Having been to many African countries, it was strange that I hadn’t made it to Uganda until yesterday. I went to attend the launch of two new reports; “Tax Incentives: A race to the bottom” one on Uganda and another on the East Africa region by ActionAid Uganda, Tax Justice Network-Africa, Uganda Debt Network and SEATINI. The launch was a huge success.
Among the participants were parliamentarians, officials from the Uganda Revenue Authority (URA), media (both print and online) and civil society organizations from across the sub-region and beyond. Key speakers at the launch included the TJN-A Coordinator Alvin Mosioma, the Country Director of ActionAid Uganda, Arthur Larok, and welcoming remarks from ActionAid International board chair Irene Ovonji Odida.
In her welcome, Irene wowed participants and urged them to use the information provided by the report to create a better system where people will live a life of dignity. Irene emphasized that taxes are the only sustainable source of financing for governments, and that tax incentives are draining nations of much needed revenues that should be used to finance public services. Arthur, ActionAid Uganda’s new head, urged the Ugandan civil society present to organize and mobilize to get their government to move faster on reviewing and reforming tax incentive policies. He said greater transparency was needed especially in the oil sector, quoting a Minister who lamented the run-away profits earned by multinationals saying, “these guys just invested 150 million dollars and now they are scoring billions of dollars”.
Speakers included a staff member of the East African Community (EAC), who spoke about the common market that was formed in July 2010 and the project to harmonize tax policies which he said will build capacity for tax administration. Other discussants included a member of the parliamentary budget office of Uganda, who was interested in assessing the impact of the tax incentive policy.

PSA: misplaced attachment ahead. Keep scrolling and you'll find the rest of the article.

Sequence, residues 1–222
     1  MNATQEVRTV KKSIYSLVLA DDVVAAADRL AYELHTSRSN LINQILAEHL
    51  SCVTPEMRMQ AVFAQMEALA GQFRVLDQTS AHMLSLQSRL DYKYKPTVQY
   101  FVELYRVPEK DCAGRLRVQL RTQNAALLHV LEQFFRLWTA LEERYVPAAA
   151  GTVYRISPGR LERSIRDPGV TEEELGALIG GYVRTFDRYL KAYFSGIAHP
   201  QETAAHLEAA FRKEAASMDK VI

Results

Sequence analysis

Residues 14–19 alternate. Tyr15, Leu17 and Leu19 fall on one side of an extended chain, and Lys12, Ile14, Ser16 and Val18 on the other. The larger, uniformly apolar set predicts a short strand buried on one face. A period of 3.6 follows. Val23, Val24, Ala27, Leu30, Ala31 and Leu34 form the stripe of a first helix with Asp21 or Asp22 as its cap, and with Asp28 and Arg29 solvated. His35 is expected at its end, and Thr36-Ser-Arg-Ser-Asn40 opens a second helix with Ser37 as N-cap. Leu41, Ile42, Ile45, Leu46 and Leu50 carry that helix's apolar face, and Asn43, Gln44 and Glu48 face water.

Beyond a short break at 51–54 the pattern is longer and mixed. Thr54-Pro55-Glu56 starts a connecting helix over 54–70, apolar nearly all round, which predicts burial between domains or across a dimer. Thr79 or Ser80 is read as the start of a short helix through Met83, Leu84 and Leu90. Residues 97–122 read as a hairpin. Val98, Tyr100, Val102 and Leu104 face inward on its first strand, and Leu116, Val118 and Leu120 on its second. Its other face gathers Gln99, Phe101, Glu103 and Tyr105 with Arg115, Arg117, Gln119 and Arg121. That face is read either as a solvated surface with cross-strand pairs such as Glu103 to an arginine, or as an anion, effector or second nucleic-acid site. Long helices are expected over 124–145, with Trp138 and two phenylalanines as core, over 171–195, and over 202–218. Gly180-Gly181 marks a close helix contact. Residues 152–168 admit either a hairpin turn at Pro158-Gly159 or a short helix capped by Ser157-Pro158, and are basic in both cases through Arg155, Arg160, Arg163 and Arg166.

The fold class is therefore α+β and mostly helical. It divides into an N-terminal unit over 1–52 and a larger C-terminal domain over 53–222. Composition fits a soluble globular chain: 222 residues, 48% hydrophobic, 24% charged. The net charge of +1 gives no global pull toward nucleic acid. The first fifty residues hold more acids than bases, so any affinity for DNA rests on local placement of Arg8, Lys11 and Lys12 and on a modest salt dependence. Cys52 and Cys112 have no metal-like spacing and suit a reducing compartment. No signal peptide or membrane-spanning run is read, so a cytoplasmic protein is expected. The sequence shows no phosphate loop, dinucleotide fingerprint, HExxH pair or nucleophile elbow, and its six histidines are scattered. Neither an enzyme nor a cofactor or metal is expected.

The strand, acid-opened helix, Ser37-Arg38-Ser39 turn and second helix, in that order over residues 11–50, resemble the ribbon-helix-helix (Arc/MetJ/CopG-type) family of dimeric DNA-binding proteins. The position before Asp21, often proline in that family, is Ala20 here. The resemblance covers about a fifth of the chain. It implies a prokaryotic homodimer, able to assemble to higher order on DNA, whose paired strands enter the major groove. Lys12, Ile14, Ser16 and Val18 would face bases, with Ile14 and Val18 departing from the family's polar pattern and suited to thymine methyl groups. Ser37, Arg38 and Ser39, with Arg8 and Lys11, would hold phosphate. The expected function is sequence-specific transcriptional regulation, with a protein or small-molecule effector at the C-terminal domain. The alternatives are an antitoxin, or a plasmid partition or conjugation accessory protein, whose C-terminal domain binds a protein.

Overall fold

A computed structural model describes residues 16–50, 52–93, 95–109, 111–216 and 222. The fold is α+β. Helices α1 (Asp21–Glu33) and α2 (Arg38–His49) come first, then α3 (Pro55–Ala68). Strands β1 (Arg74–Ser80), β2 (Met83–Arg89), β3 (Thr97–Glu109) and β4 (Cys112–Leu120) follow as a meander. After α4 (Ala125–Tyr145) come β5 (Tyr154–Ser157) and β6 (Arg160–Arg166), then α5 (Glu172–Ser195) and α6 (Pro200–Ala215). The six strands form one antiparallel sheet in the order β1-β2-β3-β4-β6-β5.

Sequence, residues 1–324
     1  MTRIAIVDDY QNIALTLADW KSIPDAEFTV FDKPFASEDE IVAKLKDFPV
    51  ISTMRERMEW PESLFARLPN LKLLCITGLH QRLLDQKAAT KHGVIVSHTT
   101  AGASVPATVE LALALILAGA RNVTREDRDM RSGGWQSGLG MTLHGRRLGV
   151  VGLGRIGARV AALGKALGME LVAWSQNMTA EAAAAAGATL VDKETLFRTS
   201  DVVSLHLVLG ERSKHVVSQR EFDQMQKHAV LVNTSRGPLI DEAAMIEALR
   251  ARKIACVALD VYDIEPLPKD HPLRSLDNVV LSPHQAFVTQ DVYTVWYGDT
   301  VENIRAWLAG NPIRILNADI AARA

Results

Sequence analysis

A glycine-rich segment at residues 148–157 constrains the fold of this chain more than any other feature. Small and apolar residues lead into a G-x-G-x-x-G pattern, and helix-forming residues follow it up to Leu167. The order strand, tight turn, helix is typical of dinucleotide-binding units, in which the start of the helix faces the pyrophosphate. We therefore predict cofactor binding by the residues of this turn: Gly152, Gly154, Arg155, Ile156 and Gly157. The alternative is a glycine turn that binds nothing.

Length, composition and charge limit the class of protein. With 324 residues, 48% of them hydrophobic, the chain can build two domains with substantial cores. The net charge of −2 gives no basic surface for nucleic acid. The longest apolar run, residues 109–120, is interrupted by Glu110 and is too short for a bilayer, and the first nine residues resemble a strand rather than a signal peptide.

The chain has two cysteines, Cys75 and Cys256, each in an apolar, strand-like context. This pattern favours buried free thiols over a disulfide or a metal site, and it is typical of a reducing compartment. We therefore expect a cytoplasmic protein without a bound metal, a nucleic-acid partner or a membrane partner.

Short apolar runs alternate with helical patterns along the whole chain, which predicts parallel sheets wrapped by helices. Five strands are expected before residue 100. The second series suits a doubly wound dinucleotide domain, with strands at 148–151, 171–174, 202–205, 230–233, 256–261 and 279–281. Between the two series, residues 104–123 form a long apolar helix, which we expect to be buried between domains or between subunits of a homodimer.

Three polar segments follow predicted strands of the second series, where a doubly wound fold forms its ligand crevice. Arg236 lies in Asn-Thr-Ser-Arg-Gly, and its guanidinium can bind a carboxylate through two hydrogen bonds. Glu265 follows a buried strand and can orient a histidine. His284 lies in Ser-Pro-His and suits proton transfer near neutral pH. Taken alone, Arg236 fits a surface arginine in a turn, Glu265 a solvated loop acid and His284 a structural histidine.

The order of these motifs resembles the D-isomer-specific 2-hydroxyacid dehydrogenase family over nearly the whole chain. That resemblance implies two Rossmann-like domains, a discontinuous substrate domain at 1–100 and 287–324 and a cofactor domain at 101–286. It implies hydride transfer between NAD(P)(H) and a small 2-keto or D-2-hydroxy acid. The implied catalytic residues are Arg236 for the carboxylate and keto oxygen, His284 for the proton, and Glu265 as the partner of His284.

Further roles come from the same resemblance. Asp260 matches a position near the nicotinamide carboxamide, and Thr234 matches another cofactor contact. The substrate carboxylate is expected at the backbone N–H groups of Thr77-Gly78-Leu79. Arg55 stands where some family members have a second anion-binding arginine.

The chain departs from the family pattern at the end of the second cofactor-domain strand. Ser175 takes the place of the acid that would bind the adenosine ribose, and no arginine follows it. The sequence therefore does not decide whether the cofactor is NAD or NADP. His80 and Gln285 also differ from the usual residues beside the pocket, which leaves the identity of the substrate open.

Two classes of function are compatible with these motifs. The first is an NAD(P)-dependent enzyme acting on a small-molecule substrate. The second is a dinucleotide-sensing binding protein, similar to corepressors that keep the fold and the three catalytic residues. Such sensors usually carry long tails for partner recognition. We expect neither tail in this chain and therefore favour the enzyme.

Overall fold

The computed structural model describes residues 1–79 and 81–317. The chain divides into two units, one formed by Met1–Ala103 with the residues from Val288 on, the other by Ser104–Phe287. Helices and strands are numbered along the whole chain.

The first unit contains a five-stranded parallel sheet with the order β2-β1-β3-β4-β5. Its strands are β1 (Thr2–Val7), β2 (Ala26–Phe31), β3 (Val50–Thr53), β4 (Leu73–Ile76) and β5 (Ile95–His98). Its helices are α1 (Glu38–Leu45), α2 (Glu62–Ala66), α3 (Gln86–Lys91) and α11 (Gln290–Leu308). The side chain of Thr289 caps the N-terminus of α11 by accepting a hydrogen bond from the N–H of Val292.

He also won the hearts of ActionAiders by regretting the failure of his government to take into account women’s unpaid care work, saying a way must be found to factor it into our economic thinking.
An official from the Uganda Revenue Authority reminded participants that tax incentives were not all bad per se; rather it is the way they are administered or implemented, giving an example of a 2% exemption on income tax for companies that employ disabled people in Uganda. Noting that exemptions should analysed one-by-one rather than a blanket rejection of them all.
Another participant observed that corruption and political influence can be behind the granting of incentives as politicians with power to offer discretional incentives are often either in business themselves or benefit through corruption.
CSOs at the meeting also used the time to strategize on how to influence government to adopt the report recommendations especially as the Ugandan government had promised to review tax incentives to make them more transparent. CSO advocacy will call on government to provide a framework that details the types of incentives offered, who benefits from them and their associated cost. However, the ultimate goal will be to cut incentives and increase tax revenues for investment in social services. At the sub-regional or regional level, CSO advocacy will call for harmonization of tax policy to avoid unnecessary competition among member states.
The report was launched by Nandala Mafabi, the Leader of the Opposition in Parliament, with a statement that promised parliamentary action on the topic. I certainly want to visit Uganda again to see what changes are taking place; I’m optimistic that the Ugandan government and the others in the EAC will now move on this.